Ten months after ousting longtime dictator Zine el-Abidine Ben Ali, Tunisians vote Sunday in their first democratic elections since independence. Tunisia's January revolution sparked the revolts now spreading across the Arab world. Much is at stake, and the elections are being closely watched, because they could emerge as possible model for the region.
After decades of one-party rule, Tunisians now have plenty of choice. Thousands of candidates are running in Sunday's elections to select a so-called Constituent Assembly. The assembly is tasked to draw up a new constitution and chart a political roadmap for this North African country.
Political science professor Steven Ekovich of the American University of Paris has followed Tunisian politics for years. He says the vote is being closely watched, especially in Egypt and other parts of the Arab world.
"The Arab Spring started in Tunisia and if it's going to have any success, that success will also start in Tunisia," said Ekovich. "We know that if any country can do it, if any country can make a successful transition to democracy it will be Tunisia. And that will have enormous impact if it's successful, for example on Egypt. And Egypt is really the keystone to the Arab world."
Many Tunisians, like Waisi Adili, 34, are casting their vote for the first time. Adili, who is unemployed, hopes the elections will usher in a political system that will bring human dignity and work.
Polls put Ennahdha as the clear frontrunner. The party that was banned under former dictator Zine el Abidine Ben Ali, is living up to its name, which means "Renaissance," in Arabic. Party spokeswoman Yusra Ghannouchi is the daughter of Ennahdha leader Rachid Ghannouchi. He returned to Tunisia in January, after more than two decades in exile in England. She says her father's party is about politics, not religion.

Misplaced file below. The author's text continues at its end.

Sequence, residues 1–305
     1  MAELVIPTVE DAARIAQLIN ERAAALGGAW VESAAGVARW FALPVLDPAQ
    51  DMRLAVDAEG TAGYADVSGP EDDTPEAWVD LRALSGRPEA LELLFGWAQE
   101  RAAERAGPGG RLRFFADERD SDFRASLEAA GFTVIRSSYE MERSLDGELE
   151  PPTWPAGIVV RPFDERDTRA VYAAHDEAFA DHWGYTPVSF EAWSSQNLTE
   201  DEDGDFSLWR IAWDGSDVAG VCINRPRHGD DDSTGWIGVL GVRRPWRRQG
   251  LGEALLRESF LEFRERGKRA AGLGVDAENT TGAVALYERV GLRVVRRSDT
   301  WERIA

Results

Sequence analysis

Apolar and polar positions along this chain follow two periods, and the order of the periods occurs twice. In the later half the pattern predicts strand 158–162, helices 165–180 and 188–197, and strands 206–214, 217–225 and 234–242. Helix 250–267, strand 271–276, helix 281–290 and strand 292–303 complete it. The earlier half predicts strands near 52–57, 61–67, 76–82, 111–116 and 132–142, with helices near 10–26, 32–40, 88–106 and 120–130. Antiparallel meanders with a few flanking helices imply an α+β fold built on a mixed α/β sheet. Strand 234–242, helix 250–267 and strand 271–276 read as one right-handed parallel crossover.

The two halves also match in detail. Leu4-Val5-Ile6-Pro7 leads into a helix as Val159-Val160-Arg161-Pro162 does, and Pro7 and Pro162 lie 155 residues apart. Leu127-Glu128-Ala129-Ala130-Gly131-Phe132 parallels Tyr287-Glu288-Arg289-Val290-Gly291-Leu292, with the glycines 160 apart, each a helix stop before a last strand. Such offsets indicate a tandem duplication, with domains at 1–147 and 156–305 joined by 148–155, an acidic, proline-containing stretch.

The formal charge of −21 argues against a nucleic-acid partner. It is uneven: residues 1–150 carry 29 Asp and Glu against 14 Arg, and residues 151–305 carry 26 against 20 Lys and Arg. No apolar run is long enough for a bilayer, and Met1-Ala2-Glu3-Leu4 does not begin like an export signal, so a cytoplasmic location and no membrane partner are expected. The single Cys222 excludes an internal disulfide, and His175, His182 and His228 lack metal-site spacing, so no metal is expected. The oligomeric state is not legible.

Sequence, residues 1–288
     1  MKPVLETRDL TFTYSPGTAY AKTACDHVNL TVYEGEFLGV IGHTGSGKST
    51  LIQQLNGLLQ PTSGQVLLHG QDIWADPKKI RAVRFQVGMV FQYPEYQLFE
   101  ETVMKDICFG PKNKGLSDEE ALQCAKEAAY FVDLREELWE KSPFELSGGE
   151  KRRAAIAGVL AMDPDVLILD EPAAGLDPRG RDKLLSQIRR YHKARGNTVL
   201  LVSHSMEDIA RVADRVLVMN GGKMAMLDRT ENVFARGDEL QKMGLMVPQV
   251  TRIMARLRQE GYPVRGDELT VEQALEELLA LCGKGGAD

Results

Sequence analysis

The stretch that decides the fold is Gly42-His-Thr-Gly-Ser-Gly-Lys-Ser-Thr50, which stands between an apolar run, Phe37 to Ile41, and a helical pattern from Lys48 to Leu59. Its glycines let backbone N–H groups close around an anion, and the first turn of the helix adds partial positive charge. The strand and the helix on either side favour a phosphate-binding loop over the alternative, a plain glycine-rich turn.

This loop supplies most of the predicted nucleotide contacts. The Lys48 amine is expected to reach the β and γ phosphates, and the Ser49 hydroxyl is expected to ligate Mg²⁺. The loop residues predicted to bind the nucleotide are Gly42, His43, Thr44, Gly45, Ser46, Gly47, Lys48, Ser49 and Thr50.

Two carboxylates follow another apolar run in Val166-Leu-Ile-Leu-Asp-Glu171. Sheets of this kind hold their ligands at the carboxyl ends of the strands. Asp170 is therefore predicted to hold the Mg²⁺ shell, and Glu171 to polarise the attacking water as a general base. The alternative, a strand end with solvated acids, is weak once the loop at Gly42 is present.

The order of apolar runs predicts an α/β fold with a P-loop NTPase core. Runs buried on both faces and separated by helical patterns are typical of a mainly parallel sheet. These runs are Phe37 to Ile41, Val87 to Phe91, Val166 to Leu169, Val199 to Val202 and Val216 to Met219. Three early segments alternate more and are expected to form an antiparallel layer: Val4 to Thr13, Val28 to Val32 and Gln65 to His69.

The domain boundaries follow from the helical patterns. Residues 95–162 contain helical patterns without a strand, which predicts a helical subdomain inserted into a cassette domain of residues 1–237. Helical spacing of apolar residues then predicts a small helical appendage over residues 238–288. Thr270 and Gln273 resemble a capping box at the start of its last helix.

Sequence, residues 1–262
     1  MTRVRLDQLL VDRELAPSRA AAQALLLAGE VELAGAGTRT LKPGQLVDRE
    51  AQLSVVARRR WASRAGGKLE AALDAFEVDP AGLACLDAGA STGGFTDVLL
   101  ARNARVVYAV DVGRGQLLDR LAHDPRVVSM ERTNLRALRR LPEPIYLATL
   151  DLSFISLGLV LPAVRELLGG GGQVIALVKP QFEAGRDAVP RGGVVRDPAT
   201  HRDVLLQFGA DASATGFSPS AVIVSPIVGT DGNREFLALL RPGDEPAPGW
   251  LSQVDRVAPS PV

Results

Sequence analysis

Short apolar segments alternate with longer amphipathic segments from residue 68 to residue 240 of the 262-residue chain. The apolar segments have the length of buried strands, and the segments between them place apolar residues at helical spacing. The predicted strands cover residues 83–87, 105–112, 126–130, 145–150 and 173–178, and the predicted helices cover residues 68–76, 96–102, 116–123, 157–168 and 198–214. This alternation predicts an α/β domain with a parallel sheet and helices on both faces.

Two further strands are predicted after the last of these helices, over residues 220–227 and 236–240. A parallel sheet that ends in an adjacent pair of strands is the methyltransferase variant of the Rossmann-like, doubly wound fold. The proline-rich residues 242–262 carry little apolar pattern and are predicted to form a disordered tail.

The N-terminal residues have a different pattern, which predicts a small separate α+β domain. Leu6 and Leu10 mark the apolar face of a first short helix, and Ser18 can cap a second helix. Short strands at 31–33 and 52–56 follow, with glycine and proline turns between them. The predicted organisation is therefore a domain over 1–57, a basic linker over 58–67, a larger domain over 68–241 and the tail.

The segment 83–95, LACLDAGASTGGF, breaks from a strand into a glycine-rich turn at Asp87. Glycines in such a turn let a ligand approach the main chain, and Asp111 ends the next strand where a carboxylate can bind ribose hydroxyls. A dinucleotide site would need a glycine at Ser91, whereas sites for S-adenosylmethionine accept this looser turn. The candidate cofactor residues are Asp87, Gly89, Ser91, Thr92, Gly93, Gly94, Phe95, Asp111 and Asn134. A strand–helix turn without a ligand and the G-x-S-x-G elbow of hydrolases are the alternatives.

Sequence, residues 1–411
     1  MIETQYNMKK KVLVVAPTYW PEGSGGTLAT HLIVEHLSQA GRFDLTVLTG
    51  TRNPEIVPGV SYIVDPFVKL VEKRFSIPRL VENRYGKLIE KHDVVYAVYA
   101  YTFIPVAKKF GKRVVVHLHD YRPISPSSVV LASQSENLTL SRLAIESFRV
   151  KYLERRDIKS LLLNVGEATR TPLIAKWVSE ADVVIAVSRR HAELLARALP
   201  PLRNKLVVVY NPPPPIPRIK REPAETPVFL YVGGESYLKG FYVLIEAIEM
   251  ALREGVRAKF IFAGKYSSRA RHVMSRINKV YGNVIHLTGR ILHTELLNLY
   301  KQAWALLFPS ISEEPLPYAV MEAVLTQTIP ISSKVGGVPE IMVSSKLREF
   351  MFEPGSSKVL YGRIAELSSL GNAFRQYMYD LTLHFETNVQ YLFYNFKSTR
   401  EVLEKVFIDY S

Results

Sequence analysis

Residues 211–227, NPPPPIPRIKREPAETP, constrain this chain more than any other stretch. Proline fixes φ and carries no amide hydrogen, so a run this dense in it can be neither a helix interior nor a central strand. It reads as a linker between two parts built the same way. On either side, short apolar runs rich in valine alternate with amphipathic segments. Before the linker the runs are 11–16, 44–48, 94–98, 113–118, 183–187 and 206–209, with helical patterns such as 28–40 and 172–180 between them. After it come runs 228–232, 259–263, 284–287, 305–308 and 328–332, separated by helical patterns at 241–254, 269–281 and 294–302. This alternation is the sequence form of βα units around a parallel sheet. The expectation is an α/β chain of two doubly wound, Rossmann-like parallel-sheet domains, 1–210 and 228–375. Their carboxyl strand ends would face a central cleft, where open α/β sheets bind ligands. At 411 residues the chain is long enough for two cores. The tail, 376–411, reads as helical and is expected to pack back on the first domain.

"We take inspiration from the ethical values of Islam which we believe are universal values - freedom, dignity, equality," said Ghannouchi. "Just like other parties might take inspiration from various liberal or leftist backgrounds. So religion is not something we believe the state will interfere in or impose, it is a matter of personal choice."
A British-educated doctoral student, the younger Ghannouchi says Ennahdha wants to preserve and develop the considerable rights of Tunisian women, who are considered the most emancipated in the Arab world.
"We have detailed in our program many policies that would advance women's rights further while stressing their right to education, to employment, to full equality including equal pay including combating all forms of violence against women," added Ghannouchi.
Ennahdha draws widespread support. At its last pre-election rally in the Tunis suburb of Ben Arous, women in headscarves mingled with some who were bare headed and wearing jeans.
Tunisia's recent political history has been orientated to the West. And many voters are eying a myriad of more secular, leftist parties - like the Modern Democratic Pole (PDM coalition).
Handing out flyers on the main Habib Bourguiba Avenue during the last day of campaigning, PDM candidate, Samir Taieb warns against mixing religion and politics.
Taieb says Ennahdha represents a danger, not only because of its religious bent, but because it had a hidden agenda. He warns it will roll back women's rights.
Women like university student Beya Ben Assin are also worried. Assin fears that if Ennahdha gains power, it may curtail her ability to speak, dress and work as she chooses.
There are 217 seats up for grabs and observers say that Ennahdha is unlikely to capture the majority. It is already in talks to form coalitions. And what many Tunisians say is most important is that finally their vote will count.